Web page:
Editor’s Note: These were some of Chris Kline’s musings from the first day of the tournament, but now that he has photos of the Aguilas mascot, we’ve bumped it back to the top to give visual evidence of the mascot, and to let you all decide whether this is supposed to be an eagle, a chicken or parrot.
There are so many things to say about the atmosphere here at Roberto Clemente Walker Stadium on the first day, but here are just a few observations and breakdowns . . .
â€¢ The Aguilas mascot is unlike any other in baseball. Itâ€™s supposed to be an eagle, but looks more like a poor manâ€™s version of The Chicken . . . kind of. The eagle changes outfits throughout the night–and obviously in an 18-inning game there are plenty of opportunities to run through the entire schitck–but I think the one where he wore a sheriff costume and rolled around on the turf, then paused to act like he was shooting at the Venezuelan dugout (complete with sound effects followed by maniacal laughter from the PA system at least five times) was the one that had my jaw dropping the farthest.
Or there was the one where he came out dressed as a ninja and was doing karate moves about five feet from the right field line–during the game and not between innings. That one was a personal favorite of an American League scout. Oh, or the one where he came out with his clothes all ripped up and had huge green hands doing some pseudo Incredible Hulk impersonation. But he looked more like a chicken with plastic green hands that wanted to go a few rounds with Yorman Bazardo. I keep trying to picture the Phillie Phanatic trying to pull any of those off and itâ€™s just not happening.
â€¢ DirecTV is all over the news in our baseball world, and the alternate to cable TV is here, too. Just ask the umpires, who wear the companyâ€™s logo on both their chest and back.
â€¢When Dominican righthander Santiago Ramirez complained about the state of the mound before the top of the seventh inning, groundskeepers brought out a hose to wet down the area. The only problem was, the hose wouldnâ€™t work. Solution: two bottles of Aquafina from the Dominican dugout.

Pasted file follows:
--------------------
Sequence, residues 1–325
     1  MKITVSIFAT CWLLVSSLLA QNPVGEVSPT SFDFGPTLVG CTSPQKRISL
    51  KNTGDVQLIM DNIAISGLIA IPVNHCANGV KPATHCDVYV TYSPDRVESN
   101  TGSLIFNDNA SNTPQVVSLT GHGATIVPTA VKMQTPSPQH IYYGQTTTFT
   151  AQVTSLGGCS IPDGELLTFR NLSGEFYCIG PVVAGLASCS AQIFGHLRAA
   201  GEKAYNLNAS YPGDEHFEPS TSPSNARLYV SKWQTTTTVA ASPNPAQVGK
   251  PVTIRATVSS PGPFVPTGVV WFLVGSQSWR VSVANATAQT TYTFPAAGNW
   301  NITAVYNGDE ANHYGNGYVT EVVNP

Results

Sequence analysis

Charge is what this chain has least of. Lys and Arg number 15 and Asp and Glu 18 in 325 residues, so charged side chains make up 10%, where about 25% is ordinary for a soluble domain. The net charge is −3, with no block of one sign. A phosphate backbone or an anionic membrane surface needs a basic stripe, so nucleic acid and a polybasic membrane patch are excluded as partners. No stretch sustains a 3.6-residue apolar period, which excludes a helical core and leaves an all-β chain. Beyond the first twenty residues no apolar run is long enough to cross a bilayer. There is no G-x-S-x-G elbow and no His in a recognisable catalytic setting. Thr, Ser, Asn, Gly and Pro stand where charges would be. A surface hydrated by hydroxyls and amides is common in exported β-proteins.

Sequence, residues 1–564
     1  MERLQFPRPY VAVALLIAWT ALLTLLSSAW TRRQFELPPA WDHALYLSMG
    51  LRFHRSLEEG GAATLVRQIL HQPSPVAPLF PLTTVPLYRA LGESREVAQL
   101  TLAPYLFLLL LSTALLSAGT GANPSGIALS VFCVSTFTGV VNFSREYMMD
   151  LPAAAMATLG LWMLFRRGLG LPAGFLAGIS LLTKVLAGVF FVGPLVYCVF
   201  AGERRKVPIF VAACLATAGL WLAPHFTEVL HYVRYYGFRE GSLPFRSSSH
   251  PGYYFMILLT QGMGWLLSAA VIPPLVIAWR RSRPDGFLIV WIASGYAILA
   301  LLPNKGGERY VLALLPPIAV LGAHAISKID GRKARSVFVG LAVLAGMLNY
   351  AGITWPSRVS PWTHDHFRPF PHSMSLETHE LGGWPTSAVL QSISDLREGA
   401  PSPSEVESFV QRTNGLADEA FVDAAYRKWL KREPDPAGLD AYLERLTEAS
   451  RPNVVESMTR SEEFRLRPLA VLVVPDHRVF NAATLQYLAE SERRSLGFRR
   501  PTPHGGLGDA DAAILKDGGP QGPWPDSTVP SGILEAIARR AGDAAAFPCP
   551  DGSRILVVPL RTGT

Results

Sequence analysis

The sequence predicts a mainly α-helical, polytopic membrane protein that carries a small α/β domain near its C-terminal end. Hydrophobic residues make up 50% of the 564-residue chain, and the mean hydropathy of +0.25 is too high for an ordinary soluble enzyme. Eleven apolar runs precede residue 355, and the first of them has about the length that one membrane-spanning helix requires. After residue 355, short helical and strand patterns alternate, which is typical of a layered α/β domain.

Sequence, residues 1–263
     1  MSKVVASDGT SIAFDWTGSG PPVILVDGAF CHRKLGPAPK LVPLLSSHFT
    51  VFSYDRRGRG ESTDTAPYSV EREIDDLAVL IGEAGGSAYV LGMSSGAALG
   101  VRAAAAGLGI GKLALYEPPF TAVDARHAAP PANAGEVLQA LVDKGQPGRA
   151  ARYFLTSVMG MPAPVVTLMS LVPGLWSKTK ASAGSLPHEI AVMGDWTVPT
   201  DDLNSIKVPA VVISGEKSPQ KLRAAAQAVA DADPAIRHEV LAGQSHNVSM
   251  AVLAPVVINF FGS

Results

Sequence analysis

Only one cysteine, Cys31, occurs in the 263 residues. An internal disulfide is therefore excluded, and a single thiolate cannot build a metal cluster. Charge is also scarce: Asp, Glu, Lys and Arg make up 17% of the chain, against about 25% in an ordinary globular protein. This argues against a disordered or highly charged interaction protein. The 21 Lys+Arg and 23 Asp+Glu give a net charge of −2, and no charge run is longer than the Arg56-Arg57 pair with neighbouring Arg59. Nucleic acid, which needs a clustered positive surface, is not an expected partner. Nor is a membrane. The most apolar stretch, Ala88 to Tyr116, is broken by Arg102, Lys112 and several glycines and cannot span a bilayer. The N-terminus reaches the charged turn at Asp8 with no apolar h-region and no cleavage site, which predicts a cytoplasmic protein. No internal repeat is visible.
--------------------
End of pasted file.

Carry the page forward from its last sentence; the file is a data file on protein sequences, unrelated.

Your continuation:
â€¢ Two staples of Aguilas lineup during the regular season were Reds third baseman Edwin Encarnacion and Yankees outfielder Melky Cabrera. But neither made the trip to San Juan, as Victor Mendez replaced Encarnacion and Nelson Cruz took Cabreraâ€™s roster spot. But Dominican third base coach Tim Leiper–who manages at Double-A Altoona in the Piratesâ€™ system–saw Encarnacion all winter and raved about him. â€œHis bat just stays through the zone for such a long time,â€ Leiper said. â€œThis guy is going to be a lot better than your average major league third baseman. Heâ€™s got some work to do with his footwork defensively, but theyâ€™re minor things. Heâ€™s going to figure it out. He was a monster for us.â€
â€¢ Even though Venezuelan righthander Francisco Butto took the loss in the marathon, his stuff was impressive. His fastball had good late life and topped out at 94 mph. He also showed an above-average 84 mph slider . . . On the flipside, Dominican righthander Leo Nunez averaged anywhere from 92-95 mph with his fastball, and showed a devastating 85-87 mph slider.
â€¢ And finally–at least for night No. 1–was what could be the quote of the night from a National League scout on Dominican shortstop Miguel Tejada, who played every inning, and ran out every ground ball in the victory. â€œHereâ€™s a guy who makes what? 15 million a year? Heâ€™s still out here playing in a game like this. Ruben Sierra would have been gone after three.â€
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